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The “evil maid” hack can’t touch self-encrypting drives

evil maid 4There’s a new chink in the armor of software-based drive encryption – the Evil Maid Hack.  Privacy Digest explains how it works

Just like hacks before it (remember Cold Boot?), the Evil Maid doesn’t work on self-encrypting hard drives like those from Seagate.  That’s because encryption is hard-wired into the drive and automatically locks it when power is removed.  Nothing on the drive, including the bootcode, can be accessed without the user’s password.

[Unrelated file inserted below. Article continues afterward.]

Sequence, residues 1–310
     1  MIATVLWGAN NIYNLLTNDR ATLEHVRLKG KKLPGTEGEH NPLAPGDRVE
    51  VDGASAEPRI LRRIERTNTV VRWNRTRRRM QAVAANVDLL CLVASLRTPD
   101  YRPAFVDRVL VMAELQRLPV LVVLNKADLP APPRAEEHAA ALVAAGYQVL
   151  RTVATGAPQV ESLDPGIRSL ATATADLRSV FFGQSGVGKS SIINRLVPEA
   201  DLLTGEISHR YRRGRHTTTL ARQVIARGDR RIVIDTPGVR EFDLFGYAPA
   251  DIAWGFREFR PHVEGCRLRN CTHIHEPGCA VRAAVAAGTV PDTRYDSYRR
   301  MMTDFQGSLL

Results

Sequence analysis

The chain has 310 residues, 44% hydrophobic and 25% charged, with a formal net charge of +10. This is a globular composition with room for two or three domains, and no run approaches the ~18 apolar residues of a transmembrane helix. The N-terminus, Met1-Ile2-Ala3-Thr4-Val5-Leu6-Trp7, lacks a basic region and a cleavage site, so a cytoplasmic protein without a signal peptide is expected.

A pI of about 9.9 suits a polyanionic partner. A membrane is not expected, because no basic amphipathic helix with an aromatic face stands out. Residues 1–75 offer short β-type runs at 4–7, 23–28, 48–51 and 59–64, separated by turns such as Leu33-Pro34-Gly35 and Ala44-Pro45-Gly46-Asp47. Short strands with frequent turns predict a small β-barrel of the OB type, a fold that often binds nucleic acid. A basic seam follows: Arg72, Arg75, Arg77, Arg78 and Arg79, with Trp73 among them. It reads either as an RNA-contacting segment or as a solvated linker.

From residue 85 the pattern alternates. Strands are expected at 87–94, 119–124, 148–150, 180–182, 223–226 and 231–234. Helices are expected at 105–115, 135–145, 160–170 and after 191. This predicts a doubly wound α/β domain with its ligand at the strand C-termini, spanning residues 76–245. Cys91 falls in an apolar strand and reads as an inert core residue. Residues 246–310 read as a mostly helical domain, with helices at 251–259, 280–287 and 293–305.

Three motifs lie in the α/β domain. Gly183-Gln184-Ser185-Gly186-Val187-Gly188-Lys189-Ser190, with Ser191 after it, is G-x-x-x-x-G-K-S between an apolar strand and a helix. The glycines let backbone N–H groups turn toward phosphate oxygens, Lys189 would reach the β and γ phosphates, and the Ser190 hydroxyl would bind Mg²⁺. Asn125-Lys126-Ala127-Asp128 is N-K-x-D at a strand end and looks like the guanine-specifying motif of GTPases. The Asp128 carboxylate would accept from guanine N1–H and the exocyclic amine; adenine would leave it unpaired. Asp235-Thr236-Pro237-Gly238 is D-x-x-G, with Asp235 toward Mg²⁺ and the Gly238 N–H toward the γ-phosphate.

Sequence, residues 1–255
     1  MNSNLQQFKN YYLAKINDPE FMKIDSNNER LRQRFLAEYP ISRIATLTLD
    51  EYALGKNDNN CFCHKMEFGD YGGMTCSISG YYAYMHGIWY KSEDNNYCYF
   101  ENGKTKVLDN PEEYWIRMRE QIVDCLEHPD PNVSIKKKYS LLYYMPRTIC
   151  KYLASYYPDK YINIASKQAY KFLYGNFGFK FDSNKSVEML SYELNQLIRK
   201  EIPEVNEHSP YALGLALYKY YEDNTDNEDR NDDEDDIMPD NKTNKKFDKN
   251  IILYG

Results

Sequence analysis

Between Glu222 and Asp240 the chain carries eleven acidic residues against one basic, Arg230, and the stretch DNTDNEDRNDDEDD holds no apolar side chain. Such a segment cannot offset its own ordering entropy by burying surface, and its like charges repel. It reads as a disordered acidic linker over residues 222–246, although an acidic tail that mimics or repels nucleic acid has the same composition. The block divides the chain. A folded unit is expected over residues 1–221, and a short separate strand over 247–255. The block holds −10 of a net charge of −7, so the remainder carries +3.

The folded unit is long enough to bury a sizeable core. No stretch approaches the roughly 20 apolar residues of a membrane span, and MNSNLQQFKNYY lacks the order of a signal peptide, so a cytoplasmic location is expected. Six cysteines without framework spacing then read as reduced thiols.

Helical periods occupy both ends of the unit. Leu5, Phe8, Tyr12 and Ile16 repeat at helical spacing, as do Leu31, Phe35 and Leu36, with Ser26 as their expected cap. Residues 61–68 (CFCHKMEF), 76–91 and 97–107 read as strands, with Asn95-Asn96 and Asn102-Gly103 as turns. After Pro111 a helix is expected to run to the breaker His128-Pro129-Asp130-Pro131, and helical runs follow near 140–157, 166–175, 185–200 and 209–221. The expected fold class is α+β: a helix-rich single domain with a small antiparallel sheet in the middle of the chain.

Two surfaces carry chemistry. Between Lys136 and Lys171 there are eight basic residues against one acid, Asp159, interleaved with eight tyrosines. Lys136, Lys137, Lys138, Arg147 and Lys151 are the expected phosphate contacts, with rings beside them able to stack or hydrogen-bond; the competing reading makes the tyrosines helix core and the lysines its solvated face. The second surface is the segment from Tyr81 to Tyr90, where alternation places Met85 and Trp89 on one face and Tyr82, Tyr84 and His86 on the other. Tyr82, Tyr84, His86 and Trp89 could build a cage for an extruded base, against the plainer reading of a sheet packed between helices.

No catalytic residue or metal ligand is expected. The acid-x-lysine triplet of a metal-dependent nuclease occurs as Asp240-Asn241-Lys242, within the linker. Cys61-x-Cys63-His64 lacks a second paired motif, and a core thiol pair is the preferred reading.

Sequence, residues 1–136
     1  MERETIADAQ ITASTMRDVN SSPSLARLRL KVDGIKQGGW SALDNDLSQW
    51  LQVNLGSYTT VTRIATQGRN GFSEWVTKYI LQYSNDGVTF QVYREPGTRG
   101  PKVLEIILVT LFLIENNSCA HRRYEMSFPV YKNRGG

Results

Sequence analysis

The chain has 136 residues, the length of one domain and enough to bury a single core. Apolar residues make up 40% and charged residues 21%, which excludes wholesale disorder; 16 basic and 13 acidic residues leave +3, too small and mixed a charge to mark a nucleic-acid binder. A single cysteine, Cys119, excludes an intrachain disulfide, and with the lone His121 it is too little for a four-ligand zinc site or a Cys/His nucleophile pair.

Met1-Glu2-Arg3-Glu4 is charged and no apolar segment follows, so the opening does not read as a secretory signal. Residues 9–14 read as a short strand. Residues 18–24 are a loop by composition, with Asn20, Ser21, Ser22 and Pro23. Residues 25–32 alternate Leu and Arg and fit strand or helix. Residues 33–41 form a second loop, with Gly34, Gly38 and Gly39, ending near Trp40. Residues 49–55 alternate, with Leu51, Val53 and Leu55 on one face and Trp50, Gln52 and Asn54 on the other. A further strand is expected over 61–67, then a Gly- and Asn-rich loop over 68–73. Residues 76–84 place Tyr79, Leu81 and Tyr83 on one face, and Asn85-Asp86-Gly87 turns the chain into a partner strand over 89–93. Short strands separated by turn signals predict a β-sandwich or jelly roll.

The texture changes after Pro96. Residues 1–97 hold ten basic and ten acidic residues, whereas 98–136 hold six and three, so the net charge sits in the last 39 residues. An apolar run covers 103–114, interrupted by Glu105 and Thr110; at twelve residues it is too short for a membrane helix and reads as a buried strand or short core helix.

The Evil Maid would be staring at a password entry screen, cursing away, unable to see let alone change the bootcode.

You can close this gap – in laptops, servers or storage systems – with self-encrypting versions of Seagate Momentus, Savvio, Cheetah, and Constellation drives.


  • I’m amazed more people don’t talk about these drives in the context of the ‘Evil Maid’ attack. Seems like the perfect solution to me.

  • I agree Andrew, but of course, I am biased. The ecosystem for encrypted drive technology is maturing everyday, so the day when this technology is mainstream is coming.

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